Money makes the world go ‘round, as they say, and ultimately every company’s goal is to turn a profit. But are helping to hit financial targets really enough to motivate employees to do their best work?
Many experts agree that employees need more than metric-based targets to truly feel a sense of buy-in at their organizations. But if that’s the case, why do so many leaders make financial gains the focus of their communications with their workforce? As Lisa Earle McLeod and Elizabeth Lotardo write in Harvard Business Review, “financial results are an outcome, not a root driver for employee performance.”
Talented, ambitious people want to feel like their contributions are making an impact. At my company, Jotform, we build web forms that make our customer’s lives easier, freeing up countless hours they can instead use to do something else. Sure, we’re not curing world hunger, but I try to give my teams the freedom to work toward our goal — making a great product — in whatever way works best for them, while encouraging their growth and creativity along the way.
It takes effort to move beyond financial metrics and help employees see the other ways in which their work is valuable. But the result — having more engaged teams with a real stake in their work — is well worth it.
Keep the financial talk to 50 percent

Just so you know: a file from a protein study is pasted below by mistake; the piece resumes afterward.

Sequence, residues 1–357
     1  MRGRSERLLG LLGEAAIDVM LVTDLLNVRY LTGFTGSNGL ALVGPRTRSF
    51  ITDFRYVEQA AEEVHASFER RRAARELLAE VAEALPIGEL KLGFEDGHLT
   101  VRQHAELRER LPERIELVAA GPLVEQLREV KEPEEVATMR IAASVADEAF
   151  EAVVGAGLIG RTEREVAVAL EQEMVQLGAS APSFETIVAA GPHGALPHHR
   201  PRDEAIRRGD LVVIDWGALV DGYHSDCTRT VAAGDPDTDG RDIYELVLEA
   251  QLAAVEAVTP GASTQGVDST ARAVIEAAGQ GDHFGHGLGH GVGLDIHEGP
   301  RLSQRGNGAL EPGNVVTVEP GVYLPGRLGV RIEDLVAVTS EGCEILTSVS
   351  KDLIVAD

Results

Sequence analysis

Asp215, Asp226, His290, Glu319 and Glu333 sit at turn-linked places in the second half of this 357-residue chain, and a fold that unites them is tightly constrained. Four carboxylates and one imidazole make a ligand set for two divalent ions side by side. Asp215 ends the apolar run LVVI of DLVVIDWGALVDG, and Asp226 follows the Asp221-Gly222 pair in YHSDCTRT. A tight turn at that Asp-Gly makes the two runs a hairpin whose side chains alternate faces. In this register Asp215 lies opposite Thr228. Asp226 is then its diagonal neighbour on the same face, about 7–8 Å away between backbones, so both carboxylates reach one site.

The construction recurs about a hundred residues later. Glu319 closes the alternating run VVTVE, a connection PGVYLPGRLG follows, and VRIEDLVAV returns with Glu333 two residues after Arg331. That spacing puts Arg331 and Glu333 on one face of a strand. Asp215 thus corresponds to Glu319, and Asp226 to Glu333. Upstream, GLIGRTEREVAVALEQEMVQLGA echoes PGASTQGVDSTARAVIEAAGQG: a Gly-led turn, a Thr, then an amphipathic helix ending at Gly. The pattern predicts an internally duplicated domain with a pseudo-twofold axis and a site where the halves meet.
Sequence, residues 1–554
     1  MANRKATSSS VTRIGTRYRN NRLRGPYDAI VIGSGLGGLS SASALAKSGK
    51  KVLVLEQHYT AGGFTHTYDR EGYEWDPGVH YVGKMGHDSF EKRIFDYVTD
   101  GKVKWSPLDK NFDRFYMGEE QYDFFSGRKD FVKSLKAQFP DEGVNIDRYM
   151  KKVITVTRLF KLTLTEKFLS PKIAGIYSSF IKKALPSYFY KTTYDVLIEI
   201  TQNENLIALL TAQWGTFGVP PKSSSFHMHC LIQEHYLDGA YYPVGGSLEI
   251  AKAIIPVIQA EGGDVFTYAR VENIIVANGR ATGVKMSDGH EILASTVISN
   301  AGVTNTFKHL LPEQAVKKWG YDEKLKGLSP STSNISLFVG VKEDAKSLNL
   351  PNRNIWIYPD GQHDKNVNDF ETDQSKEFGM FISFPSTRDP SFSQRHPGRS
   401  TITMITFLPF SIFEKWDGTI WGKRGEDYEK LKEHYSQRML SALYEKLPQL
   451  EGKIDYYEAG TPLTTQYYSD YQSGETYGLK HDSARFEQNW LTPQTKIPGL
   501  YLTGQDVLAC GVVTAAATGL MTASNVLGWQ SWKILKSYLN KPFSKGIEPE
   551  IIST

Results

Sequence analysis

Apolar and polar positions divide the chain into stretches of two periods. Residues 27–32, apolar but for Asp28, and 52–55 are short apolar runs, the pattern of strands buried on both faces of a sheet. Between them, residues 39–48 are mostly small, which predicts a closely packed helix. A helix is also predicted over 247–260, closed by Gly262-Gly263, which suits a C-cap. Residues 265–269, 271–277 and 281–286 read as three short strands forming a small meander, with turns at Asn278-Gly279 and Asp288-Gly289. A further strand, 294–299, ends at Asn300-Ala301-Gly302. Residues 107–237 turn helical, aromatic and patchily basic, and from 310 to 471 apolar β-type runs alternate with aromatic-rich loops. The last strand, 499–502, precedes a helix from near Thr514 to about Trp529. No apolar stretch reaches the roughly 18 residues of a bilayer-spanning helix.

When you’re leading a company, it can be hard to keep talk of financial output from leaking into every conversation you have with your team since it’s so often at the forefront of your mind. Even so, it shouldn’t dominate all of your airtime. McLeod and Lotardo recommend a 50/50 split, with no more than a half of your communications spent on metrics and deliverables, and the other half building belief in the impact of the work.
Rather than focusing solely on financial results like his predecessors, Blackbaud CEO Mike Giononi began using his town halls to talk about the impact the company was having on customers. The result was a demonstrable increase in customer empathy and value, says Blackbaud President and GM Patrick Hodges. “Over time, your attrition goes down. When people feel good about what they do and they’re more successful, they’re not going to look for another job.”